Sunday, July 13, 2008

Going Home Part 4: Wrapping it up

We're back in Chicago, and already I hear people walking down the street yelling their conversations within a foot of each other. I'm home, but I miss "home," too. My sister is back on a plane to NY, and my mom is probably busy with her therapeutic act of picking up after all of us. (I told her I left a huge pile of therapy up in Matt's old room in the form of all my old toys that Nourit dug out.)

We did all the usual things we do when we get together at mom's- the Turkey Farm, South Haven, the Kellogg Bird Sanctuary, Target and Sam's Club. We ate too much ice cream, and complained we didn't walk enough. Some things never change, no matter how much you promise yourself you won't get sucked into that conversation again. (Or start it!)

As a mom, I want to give my daughters a stimulating but holistic life experience, and I just hope and pray they learn to love to be in nature as much (or more) than I do. Everything just gets put into perspective when you are at the beach with the horizon stretching out to forever and the waves continuously crashing. (Nourit loved going in the water with me, waves and all.) Family also has a way of doing that, too. It is a blessing to have parents and siblings who love my children, who will hold Avi nonstop for two weeks straight, and who teach Nourit the 'happy' songs she loves so much.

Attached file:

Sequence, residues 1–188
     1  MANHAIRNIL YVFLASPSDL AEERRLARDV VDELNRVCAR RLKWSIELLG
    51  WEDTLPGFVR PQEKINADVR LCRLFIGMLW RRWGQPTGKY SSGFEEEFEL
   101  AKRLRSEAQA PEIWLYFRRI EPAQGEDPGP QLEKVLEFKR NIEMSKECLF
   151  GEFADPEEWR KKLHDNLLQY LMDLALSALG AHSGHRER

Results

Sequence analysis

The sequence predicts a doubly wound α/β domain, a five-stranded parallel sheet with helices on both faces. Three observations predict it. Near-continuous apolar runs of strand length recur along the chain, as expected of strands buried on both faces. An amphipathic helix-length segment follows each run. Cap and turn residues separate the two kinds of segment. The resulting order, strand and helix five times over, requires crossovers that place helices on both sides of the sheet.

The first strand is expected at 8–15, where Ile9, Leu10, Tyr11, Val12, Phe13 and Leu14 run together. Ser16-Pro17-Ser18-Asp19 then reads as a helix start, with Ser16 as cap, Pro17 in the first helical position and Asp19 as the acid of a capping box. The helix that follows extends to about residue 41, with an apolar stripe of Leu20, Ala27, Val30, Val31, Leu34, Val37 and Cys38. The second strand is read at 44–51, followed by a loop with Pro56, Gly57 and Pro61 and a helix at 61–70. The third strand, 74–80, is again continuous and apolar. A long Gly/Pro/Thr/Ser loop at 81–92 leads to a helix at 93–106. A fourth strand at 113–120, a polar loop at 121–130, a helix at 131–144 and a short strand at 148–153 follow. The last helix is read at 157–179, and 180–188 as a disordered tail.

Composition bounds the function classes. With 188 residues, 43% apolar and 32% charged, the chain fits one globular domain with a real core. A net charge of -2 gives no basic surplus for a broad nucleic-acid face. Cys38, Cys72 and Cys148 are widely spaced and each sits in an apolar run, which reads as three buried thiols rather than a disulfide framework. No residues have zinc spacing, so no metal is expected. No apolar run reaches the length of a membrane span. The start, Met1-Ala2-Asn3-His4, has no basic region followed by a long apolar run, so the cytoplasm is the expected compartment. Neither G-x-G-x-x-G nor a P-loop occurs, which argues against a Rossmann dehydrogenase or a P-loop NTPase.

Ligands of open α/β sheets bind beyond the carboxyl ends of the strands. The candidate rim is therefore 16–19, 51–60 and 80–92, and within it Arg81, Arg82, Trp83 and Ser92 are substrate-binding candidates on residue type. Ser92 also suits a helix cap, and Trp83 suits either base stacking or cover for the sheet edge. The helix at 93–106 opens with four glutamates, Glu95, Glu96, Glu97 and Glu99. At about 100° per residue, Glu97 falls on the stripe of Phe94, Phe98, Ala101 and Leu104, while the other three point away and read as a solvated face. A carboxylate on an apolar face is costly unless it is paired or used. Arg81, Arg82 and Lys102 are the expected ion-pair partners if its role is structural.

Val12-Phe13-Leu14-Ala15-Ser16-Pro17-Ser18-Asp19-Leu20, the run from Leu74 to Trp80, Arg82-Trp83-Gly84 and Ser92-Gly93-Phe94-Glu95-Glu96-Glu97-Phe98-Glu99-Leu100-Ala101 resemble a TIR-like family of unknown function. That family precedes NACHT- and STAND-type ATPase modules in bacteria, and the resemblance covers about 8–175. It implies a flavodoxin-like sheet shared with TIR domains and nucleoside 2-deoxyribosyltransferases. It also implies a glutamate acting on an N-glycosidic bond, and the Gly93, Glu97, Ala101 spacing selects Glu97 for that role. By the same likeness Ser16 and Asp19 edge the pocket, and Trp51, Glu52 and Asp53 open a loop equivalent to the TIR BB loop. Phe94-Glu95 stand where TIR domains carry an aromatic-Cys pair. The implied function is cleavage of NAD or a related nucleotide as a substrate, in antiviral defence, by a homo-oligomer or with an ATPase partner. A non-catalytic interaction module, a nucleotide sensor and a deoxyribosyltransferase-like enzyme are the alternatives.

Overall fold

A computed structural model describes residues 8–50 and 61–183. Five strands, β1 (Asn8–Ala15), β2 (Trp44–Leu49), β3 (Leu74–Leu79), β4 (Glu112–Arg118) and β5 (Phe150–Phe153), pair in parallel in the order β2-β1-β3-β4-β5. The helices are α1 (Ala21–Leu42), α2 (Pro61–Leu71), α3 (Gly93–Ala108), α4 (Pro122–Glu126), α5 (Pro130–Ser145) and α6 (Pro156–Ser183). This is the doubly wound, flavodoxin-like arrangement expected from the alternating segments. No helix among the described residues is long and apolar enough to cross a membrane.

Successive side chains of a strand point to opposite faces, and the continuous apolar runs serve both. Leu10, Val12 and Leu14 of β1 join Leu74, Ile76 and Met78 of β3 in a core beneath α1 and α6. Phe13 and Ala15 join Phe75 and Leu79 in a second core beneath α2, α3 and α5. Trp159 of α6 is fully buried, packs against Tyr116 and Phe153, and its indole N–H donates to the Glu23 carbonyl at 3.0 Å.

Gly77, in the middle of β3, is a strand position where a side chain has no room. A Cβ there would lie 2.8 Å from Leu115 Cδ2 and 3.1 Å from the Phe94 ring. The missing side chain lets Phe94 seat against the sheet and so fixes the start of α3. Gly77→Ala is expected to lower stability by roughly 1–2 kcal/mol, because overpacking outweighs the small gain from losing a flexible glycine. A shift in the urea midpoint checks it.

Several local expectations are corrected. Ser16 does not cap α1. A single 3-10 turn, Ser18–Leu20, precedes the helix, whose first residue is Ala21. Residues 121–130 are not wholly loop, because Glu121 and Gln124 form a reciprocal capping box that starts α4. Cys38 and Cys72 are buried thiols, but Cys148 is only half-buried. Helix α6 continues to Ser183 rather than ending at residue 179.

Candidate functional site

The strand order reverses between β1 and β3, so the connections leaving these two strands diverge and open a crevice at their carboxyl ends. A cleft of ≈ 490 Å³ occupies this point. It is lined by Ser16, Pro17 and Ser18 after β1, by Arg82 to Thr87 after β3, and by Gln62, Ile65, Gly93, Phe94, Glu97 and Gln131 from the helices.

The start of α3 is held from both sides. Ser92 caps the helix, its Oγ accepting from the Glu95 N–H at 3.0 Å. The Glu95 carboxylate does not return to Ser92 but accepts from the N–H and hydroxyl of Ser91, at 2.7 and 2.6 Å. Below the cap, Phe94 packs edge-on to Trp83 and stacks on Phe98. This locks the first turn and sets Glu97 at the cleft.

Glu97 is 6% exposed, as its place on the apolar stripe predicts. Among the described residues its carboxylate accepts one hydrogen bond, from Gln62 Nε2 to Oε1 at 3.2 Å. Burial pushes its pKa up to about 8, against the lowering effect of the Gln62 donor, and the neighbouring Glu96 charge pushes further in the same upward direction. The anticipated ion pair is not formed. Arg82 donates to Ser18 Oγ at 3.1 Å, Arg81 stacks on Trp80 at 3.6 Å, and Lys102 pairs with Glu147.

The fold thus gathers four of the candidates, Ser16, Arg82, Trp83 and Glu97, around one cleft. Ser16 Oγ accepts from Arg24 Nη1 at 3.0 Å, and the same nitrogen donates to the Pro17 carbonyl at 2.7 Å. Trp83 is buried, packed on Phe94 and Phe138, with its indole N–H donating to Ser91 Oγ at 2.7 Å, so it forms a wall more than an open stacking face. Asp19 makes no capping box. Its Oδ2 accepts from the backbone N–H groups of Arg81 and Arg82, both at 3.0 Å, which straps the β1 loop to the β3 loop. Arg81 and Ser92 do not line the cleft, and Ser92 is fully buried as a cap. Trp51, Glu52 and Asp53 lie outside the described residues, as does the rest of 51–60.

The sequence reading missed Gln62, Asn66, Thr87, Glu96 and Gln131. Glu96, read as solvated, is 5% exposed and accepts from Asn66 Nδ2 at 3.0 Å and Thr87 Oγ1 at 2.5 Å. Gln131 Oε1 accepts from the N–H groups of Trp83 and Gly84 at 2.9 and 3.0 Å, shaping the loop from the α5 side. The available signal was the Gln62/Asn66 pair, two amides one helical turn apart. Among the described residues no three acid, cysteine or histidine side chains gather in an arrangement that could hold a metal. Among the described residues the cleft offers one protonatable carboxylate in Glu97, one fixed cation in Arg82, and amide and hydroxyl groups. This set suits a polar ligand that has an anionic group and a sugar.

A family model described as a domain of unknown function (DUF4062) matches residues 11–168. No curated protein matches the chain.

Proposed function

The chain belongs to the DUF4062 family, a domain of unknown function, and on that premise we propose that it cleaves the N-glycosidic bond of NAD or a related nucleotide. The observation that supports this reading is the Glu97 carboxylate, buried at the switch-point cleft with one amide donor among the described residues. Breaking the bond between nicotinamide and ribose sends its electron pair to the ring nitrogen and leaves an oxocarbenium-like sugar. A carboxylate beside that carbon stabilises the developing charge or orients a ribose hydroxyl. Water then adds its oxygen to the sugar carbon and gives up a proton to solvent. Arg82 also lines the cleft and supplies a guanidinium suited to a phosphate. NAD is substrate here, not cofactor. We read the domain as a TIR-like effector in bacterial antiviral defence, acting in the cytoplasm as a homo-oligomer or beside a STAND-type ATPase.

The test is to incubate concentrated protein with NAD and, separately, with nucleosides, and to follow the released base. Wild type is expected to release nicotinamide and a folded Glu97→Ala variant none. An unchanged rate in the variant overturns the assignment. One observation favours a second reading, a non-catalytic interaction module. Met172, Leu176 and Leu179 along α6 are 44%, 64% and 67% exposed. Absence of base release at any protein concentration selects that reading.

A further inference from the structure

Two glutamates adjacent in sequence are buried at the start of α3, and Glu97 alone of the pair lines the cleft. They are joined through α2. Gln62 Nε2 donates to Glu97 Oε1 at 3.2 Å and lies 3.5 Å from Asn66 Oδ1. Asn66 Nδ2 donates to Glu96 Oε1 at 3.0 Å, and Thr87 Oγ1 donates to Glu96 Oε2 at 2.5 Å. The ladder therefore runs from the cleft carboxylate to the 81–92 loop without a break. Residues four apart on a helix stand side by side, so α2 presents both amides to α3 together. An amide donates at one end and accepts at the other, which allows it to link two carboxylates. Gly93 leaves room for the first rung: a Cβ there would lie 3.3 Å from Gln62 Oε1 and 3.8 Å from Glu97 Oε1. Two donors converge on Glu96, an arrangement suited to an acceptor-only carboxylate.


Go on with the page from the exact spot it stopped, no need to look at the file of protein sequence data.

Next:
Today, on our way home, we stopped at my childhood friend Amy's house and caught up after two years. Earlier in the week, we had stopped at her parent's farm (where I spent countless hours as a child) and introduced Nourit and Avi to the horses and chickens. This afternoon, Nourit took her first horseback ride (with me whiteknuckled at the edge of the corral the entire time!) on Dandy, the 28 year old horse that Amy and I used to ride. She had no fear, and wanted to "do it again!" She also met her first kitten, and watched the mama cat pick it up by it's neck to move it to safety.

I don't know how these experiences will be stored in her memory, but I hope we continue to build on them, finding peace and sanity at a slower pace with family and old friends.

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